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### Section 8.1 : Arc Length

4. Determine the length of $$x = 4{\left( {3 + y} \right)^2}$$ , $$1 \le y \le 4$$.

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Since we are not told which $$ds$$ to use we will have to decide which one to use. In this case the function is set up to use the $$ds$$ in terms of $$y$$.

If we were to solve the function for $$y$$ (which we’d need to do in order to use the $$ds$$ that is in terms of $$x$$) we would put a square root into the function and those can be difficult to deal with in arc length problems.

So, let’s take the derivative of the given function and plug into the $$ds$$ formula.

$\frac{{dx}}{{dy}} = 8\left( {3 + y} \right)$ $ds = \sqrt {1 + {{\left[ {\frac{{dx}}{{dy}}} \right]}^2}} \,dy = \sqrt {1 + {{\left[ {8\left( {3 + y} \right)} \right]}^2}} \,dy = \sqrt {1 + 64{{\left( {3 + y} \right)}^2}} \,dy$

Note that we did not square out the term under the root. Doing that would greatly complicate the integration process so we’ll need to leave it as it is.

Show Step 2

In this case we don’t need to anything special to get the limits for the integral. Our choice of $$ds$$ contains a $$dy$$ which means we need $$y$$ limits for the integral and nicely enough that is what we were given in the problem statement.

So, the integral giving the arc length is,

$L = \int_{{}}^{{}}{{ds}} = \int_{1}^{4}{{\sqrt {1 + 64{{\left( {3 + y} \right)}^2}} \,dy}}$ Show Step 3

Finally, all we need to do is evaluate the integral. In this case all we need to do is use a trig substitution. We’ll not be putting a lot of explanation into the integration work so if you need a little refresher on trig substitutions you should go back to that section and work a few practice problems.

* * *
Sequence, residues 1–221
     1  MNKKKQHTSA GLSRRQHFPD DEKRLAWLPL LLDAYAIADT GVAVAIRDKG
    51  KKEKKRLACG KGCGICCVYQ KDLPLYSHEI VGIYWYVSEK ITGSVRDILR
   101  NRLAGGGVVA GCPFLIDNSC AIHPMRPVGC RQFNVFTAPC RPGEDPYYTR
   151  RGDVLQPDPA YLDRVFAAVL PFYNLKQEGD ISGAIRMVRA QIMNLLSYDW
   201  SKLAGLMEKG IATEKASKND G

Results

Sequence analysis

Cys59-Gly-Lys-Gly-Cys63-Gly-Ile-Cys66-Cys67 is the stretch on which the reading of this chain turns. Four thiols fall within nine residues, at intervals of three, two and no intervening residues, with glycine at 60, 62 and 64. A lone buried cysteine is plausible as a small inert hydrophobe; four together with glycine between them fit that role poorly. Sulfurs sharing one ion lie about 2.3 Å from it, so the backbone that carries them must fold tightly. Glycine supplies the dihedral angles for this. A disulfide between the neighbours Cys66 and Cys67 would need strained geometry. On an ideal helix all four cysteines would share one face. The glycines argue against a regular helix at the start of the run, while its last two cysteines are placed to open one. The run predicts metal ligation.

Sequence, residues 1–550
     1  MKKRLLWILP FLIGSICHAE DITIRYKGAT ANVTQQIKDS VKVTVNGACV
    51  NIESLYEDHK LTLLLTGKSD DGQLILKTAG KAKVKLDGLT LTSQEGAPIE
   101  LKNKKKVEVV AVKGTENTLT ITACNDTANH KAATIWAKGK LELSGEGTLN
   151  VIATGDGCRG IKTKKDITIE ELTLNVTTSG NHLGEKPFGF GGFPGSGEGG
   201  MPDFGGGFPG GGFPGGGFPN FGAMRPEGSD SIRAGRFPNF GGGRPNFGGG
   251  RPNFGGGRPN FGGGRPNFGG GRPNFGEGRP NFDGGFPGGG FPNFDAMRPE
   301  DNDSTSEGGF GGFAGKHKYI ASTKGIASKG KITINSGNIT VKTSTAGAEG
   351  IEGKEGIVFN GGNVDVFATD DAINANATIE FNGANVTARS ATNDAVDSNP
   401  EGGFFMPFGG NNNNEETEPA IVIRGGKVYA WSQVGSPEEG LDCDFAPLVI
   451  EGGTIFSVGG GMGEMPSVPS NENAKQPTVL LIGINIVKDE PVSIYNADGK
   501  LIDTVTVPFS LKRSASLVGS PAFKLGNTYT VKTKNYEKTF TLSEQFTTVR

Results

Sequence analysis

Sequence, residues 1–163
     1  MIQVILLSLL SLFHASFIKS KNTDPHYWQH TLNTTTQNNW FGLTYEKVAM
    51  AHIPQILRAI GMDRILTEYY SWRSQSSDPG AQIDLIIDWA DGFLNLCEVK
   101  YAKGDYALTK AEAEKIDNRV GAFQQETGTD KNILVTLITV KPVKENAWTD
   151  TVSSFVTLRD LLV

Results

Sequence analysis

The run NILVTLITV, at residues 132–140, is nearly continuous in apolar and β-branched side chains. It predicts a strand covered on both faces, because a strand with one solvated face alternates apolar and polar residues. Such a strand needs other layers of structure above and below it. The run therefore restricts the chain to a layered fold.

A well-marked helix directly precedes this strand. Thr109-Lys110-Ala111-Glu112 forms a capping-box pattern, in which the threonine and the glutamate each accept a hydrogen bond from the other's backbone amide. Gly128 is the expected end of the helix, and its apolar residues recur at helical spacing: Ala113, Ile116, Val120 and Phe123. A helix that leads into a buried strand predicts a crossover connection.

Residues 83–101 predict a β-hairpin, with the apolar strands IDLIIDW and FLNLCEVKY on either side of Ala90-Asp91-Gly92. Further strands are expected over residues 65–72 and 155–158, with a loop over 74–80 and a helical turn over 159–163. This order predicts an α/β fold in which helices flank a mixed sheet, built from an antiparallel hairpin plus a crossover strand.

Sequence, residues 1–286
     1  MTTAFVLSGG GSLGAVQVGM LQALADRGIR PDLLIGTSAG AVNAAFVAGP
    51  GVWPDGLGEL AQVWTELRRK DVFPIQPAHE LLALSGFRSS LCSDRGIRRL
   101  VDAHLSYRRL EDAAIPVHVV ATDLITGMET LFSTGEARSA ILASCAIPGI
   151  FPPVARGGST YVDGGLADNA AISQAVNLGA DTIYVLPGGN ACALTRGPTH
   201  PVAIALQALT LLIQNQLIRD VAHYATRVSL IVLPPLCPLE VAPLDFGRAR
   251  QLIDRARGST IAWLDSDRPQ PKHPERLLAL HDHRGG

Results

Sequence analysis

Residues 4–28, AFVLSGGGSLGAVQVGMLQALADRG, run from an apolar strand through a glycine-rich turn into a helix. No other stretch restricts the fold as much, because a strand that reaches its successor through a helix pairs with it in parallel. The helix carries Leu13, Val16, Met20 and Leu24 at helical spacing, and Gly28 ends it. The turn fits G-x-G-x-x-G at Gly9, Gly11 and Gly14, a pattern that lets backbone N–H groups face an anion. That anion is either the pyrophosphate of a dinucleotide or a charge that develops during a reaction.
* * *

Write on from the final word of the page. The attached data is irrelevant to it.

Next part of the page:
The substitution we’ll need is,

$3 + y = \frac{1}{8}\tan \theta \,\,\,\,\,\,\,\, \to \,\,\,\,\,\,\,\,\,\,dy = \frac{1}{8}{\sec ^2}\theta \,d\theta$

In order to properly deal with the square root we’ll need to convert the $$y$$ limits to $$\theta$$ limits. Here is that work.

\begin{align*}y = & 1:\,\,\,\,\,\,\,\,4 = \frac{1}{8}\tan \theta \,\,\,\,\, \to \,\,\,\,\,\tan \theta = 32\,\,\,\,\, \to \,\,\,\,\,\theta = {\tan ^{ - 1}}\left( {32} \right) = 1.5396\\ y = & 4:\,\,\,\,\,\,\,\,7 = \frac{1}{8}\tan \theta \,\,\,\,\, \to \,\,\,\,\,\tan \theta = 56\,\,\,\,\, \to \,\,\,\,\,\theta = {\tan ^{ - 1}}\left( {56} \right) = 1.5529\end{align*}

Now let’s deal with the square root.

$\sqrt {1 + 64{{\left( {3 + y} \right)}^2}} = \sqrt {1 + 64{{\left( {\frac{1}{8}\tan \theta } \right)}^2}} = \sqrt {1 + {{\tan }^2}\theta } = \sqrt {{{\sec }^2}\theta } = \left| {\sec \theta } \right|$

From the work above we know that $$\theta$$ is in the range $$1.5396 \le \theta \le 1.5529$$. This is in the first and fourth quadrants and cosine (and hence secant) is positive in this range. So,

$\sqrt {1 + 64{{\left( {3 + y} \right)}^2}} = \sec \theta$

Putting all of this together gives,

$L = \int_{1}^{4}{{\sqrt {1 + 64{{\left( {3 + y} \right)}^2}} \,dy}} = \frac{1}{8}\int_{{1.5396}}^{{1.5529}}{{{{\sec }^3}\theta \,d\theta }}$

Evaluating the integral gives,

$L = \int_{1}^{4}{{\sqrt {1 + 64{{\left( {3 + y} \right)}^2}} \,dy}} = \left. {\frac{1}{{16}}\left( {\tan \theta \sec \theta + \ln \left| {\tan \theta + \sec \theta } \right|} \right)} \right|_{1.5396}^{1.5529} = \require{bbox} \bbox[2pt,border:1px solid black]{{130.9570}}$

Note that if you used more decimal places than four here (the standard number of decimal places that we tend to use for these problems) you may have gotten a slightly different answer. Using a computer to get an “exact” answer gives 132.03497085.

These kinds of different answers can be a real issues with these kinds of problems and illustrates the potential problems if you round numbers too much.

Of course, there is also the problem of often not knowing just how many decimal places are needed to get an “accurate” answer. In many cases 4 decimal places is sufficient but there are cases (such as this one) in which that is not enough. Often the best bet is to simply use as many decimal places as you can to have the best chance of getting an “accurate” answer.